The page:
“I had done quite a few films that involved all kinds of filmmaking fads. I was fascinated by land art of planting ball bearings as if they were seeds. I wanted to use the language of cinema to discuss it,” he says, “but I want the widest possible audience. Then along came this extraordinary phenomenon called Channel Four, which suddenly, because it was run by academics and university people, decided we needed something smarter, something more provocative.”

In this way, Greenaway found new support for the stupid things he had been doing for years. If The Falls could be seen as the absurd pinnacle of his short film work, 1982’s The Draughtsman’s Contract was a critical and popular breakthrough. Like Last Year in Marienbad, the film is a bit of a brain teaser, though Greenaway insists the mystery isn’t as complicated as it seems. (In fact, he explains it all quite well in the director’s commentary, for anyone looking for insight.)

“I was always very aware that we have a very literary cinema. I mean, cinema is supposed to be about pictures, but you can’t go to a producer with 17 prints and plans for serial painting and convince him. Traditionally, a producer needs a script, and a script is a script, and a script is fiction,” explains Greenaway.

And so Greenaway pushed back, testing the limits of the medium, delivering just enough storyline to keep the audience interested while bending the forms as far as he could.

“I had another serious problem: if I wasn’t very interested in narrative, how the hell was I supposed to tie it all together? We all use narratives. Events happen during the day and we tell our wives, our dogs, our doctors, our dentists what happened to us. But the narrative is extremely short-lived and anecdotal,” he says.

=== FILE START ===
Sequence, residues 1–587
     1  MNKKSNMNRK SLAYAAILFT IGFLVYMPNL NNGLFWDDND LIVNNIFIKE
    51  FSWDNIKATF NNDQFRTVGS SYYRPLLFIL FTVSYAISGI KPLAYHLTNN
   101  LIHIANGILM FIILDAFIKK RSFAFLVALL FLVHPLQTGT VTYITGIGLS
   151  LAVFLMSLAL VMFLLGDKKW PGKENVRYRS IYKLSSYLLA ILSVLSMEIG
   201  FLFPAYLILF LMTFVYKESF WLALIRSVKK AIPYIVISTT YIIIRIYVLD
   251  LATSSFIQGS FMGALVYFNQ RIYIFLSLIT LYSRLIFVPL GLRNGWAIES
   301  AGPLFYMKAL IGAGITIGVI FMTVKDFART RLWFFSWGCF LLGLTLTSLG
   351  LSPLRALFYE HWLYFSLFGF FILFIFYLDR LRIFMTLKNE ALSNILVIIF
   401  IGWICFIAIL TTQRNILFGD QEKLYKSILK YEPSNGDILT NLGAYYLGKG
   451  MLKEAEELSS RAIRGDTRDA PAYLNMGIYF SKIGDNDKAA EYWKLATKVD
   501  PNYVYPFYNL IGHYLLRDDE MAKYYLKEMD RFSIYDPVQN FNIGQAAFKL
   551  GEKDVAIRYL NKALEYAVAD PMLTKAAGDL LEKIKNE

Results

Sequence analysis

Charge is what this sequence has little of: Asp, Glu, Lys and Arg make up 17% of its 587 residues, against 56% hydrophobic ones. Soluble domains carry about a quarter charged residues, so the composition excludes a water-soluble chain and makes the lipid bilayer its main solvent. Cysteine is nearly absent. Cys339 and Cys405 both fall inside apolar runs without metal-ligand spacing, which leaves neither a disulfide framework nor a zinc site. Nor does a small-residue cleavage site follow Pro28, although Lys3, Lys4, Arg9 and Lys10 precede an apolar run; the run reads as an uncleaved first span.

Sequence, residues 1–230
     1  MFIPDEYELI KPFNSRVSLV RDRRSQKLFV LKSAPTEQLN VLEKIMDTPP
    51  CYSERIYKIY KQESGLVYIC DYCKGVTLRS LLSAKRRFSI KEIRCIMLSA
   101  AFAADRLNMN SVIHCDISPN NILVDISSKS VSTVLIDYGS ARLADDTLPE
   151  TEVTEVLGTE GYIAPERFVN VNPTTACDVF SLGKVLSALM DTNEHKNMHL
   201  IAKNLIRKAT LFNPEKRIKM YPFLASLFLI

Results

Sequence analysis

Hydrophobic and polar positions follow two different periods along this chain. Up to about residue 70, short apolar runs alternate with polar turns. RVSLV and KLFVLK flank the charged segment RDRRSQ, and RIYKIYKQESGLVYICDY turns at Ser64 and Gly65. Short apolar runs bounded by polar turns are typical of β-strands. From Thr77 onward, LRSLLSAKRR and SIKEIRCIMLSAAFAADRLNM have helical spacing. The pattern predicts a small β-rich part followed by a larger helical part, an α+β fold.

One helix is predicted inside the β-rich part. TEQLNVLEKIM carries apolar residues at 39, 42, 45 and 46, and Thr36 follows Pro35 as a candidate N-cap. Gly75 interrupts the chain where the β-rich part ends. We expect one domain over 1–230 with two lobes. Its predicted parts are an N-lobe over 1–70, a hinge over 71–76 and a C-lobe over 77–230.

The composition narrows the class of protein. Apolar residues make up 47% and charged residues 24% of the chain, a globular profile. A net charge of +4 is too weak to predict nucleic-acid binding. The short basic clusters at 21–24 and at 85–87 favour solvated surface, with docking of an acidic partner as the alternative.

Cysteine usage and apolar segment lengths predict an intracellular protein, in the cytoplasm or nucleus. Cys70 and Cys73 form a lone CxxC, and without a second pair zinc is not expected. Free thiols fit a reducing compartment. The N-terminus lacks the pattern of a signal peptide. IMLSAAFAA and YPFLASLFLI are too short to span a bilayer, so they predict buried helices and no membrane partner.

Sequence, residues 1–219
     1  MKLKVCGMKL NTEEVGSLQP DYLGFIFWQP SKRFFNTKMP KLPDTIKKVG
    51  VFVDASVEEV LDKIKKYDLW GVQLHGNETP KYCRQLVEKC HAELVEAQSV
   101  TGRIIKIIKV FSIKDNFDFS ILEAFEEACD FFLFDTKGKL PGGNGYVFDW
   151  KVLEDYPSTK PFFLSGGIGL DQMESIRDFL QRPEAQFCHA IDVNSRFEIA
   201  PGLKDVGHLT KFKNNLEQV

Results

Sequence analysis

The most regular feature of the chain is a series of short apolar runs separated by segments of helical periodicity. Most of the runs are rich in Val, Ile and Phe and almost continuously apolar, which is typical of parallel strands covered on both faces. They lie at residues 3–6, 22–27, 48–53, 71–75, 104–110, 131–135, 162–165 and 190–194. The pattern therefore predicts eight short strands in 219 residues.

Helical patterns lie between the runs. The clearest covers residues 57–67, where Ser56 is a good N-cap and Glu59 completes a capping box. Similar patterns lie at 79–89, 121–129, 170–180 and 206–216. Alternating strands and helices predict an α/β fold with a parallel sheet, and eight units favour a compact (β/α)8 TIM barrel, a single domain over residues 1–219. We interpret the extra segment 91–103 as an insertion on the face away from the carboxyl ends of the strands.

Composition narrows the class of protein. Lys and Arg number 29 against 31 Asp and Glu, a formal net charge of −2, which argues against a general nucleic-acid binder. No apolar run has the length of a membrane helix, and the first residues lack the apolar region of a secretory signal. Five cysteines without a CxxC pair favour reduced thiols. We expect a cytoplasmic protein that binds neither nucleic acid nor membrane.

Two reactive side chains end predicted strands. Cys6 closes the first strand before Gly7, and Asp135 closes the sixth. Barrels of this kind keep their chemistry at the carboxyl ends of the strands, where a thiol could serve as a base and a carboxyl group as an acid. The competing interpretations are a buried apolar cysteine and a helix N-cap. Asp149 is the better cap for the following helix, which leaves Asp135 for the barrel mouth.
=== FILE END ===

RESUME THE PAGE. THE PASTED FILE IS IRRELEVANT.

So Greenaway looked for other systems to structure his films. “‘The Cook, the Thief, His Wife & Her Lover’ is an illustrated menu. A menu is anything from appetizers to coffee, so I used that as a structure,” he explains. “With ‘Drowning by Numbers’ the title says it all: it’s a film about numbers. It’s all a very confident way of saying, ‘This isn’t reality, this is a movie.’ A film is a construct. Let’s play with artificiality.”

There it is again: the notion of play that is so central to Greenaway’s aesthetic. To say he’s not serious about his art would be absurd, and yet the best way to appreciate his work is to relax and embrace the spirit of renegade experimentation. Watch his use of color in “The Cook…”, revel in the choreography and compositions of “Prospero’s Books”, laugh at the bawdy excess in “Eisenstein in Guanajuato” (a tribute to the Russian silent master) .

“The really exciting days of cinema were probably the last 10 years of silent film, when they demanded that the pictures tell the story,” says Greenaway. Since the introduction of sound, cinema has been tied to literature, he says. Movies are obsessed with realism – as painting once was until the invention of the camera liberated art. “Photography spawned the greatest century of painting we’ve ever known,” he says.

But the films are stuck, he believes. “Cinema hasn’t even reached its Cubist period,” Greenaway once told an interviewer.

He did his part to shock, only to be shocked in return by the institutional embrace.

“I think it was David Hockney who said, ‘If you turn 80 in England and you can still boil an egg, look, they’ll pin a medal on you,'” he laughs, repeating a joke that’s nearly a decade old was previously made after receiving the BAFTA’s Career Achievement Award. “So I was like, ‘Fuck that. I’m really going to make films that I really want.’”

Aging hasn’t tamed him one bit. “The death date for most white males in Europe is 81.5 years, so I have a year and a half left,” he says. “Let’s hope I can stretch that a bit. I’ve got plenty of scripts ready for movies.” Like “Joseph,” a scandalously outrageous investigation into Jesus’ fatherhood that Greenaway describes as “a catastrophic collapse of Christianity.”

Or “a dialogue between Stalin and Dracula” revealing his secret to the Russian leader. “As a vampire, he doesn’t suck blood. He’s doing something far more powerful. He feeds on human sperm from the Well. So there’s one more sensational film I want to make,” says Greenaway, knowing one will never see the light of day.

“At the end of this summer I’m due to do a film with Morgan Freeman about death trying to find a reasonable notion of suicide. I believe death is unnecessary.”